Grow Your Church by Growing Yourself

For church leaders who don’t want to settle for mediocrity, status quo, and irrelevance, here are five steps to becoming a Spirit-led, Spirit-filled, Spirit-directed church. | by Alton Garrison

God offers each of us hope—hope that His dream for our future is greater than our memories of past ministries.

Perhaps you’re wanting to create an environment for the people in your church to become healthy and to grow. Perhaps you’ve been to conferences where experts told you how your church could grow, but the techniques had disappointing results. Or maybe in the past your leaders resisted your ideas and efforts. Or maybe you’re exhausted from trying and seeing few results. Now you’re ready for a more dynamic church. You’re ready for more effective discipleship, a new outward focus.

That’s where I was when God began to show me how His plan in Acts 2 made the first-century church so effective. There’s only one problem. To embrace the plan God had for me required something we typically don’t like: change.

It took me two years to realize I needed the courage to change. One of two things will happen when we’re confronted with the need to change. We either accept it, or we try to justify our decisions and resist it. Coming to terms with the fact that we need to change is the biggest obstacle standing in the way of renewal in our life and in our church. Many leaders are convinced that the problem is the people, but the people aren’t always the problem. We fear getting the people to change, but in reality, we’re the ones who first need to experience change in our own lives.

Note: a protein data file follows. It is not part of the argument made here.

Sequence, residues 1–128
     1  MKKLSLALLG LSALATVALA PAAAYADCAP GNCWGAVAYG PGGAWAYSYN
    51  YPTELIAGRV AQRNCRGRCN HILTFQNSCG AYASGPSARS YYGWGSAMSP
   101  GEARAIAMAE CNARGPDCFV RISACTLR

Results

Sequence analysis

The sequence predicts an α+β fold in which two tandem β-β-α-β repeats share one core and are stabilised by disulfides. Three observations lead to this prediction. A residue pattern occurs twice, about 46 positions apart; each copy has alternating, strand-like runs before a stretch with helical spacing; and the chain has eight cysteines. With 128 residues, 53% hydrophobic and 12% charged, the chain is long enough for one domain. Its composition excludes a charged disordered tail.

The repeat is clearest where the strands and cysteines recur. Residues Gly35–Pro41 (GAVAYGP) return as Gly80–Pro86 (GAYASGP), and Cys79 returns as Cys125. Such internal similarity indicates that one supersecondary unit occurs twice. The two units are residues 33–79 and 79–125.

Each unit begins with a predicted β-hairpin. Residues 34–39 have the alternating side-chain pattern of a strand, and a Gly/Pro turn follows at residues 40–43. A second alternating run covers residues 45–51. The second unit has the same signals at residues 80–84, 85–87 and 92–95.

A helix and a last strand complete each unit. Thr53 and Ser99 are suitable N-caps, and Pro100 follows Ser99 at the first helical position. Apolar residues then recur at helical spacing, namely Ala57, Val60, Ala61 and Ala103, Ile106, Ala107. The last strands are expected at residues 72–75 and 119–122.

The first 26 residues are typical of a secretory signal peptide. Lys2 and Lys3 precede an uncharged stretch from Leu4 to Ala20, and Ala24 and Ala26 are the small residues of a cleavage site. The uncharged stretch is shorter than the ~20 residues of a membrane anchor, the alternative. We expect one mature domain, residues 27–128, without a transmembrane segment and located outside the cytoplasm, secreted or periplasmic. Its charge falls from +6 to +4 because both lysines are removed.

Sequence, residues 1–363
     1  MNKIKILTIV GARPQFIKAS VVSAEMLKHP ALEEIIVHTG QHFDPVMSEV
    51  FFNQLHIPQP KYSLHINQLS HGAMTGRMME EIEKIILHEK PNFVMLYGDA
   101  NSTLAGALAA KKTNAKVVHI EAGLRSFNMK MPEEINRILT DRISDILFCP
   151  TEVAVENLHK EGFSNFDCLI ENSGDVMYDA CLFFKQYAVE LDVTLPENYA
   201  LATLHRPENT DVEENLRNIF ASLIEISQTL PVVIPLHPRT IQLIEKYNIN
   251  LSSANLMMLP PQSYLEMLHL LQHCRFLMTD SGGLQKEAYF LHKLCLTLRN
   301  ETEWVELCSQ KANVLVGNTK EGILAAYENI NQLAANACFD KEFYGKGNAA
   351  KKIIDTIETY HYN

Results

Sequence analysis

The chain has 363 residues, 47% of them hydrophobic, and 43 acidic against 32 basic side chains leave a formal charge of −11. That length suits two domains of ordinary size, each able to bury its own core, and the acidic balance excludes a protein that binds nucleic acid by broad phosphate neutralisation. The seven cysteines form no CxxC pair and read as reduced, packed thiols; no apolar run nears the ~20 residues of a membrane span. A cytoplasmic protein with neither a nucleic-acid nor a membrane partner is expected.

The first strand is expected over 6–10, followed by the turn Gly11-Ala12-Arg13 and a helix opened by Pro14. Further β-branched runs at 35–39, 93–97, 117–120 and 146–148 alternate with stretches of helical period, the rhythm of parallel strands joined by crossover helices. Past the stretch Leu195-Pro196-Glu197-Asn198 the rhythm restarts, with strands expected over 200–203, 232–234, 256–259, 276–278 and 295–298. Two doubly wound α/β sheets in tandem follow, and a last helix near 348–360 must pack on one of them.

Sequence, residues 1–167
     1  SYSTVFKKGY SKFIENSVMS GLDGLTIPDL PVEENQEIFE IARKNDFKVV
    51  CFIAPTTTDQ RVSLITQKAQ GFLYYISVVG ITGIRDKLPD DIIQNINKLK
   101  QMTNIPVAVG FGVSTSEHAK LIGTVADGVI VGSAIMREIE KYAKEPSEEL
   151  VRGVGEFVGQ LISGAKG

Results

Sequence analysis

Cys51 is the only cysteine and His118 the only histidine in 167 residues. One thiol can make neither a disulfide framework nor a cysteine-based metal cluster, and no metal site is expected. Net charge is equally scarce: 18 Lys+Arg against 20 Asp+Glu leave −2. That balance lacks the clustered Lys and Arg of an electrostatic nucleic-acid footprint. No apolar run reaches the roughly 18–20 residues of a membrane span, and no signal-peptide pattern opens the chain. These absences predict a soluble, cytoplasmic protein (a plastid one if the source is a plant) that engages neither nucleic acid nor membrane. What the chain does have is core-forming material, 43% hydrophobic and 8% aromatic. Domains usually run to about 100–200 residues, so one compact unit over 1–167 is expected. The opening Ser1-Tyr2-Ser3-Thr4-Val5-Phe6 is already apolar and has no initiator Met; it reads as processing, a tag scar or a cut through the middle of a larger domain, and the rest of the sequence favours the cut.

I was thirty-nine years old when God showed me I had to change. I didn’t know what I needed to do, but God was about to show me the way. I accepted it, and God provided the resources to go forward. I believe that if I could find the courage to change, you can as well.


Right now, whatever your situation, know that you are not alone. Your particular situation may be unique, but the problems we all face are quite common. We all struggle. We all have difficulties, setbacks, and storms, but through them all, it’s imperative that we move forward. If we want to keep getting the same results we’ve had in the past, we can just keep doing what we’ve been doing. But if we want change to occur, we have to take wise, bold steps in a new direction.

If you’ve tried to change before and failed, you may be reading this skeptically. You may think that you’ve tried new plans, new programs, and new ways of doing things—all of which may have failed or may have had less than earth-shattering success. I want to assure you that change is possible.

Over the years, I’ve seen leaders from all kinds of churches find the courage to be objective about their current situations and take bold steps to a better future. These men and women combined deep humility and the courage of a lion. They weren’t willing to settle for anything less than God’s best, and He gave them two crucial elements: a deeper sense of His love and power and a clear, workable plan.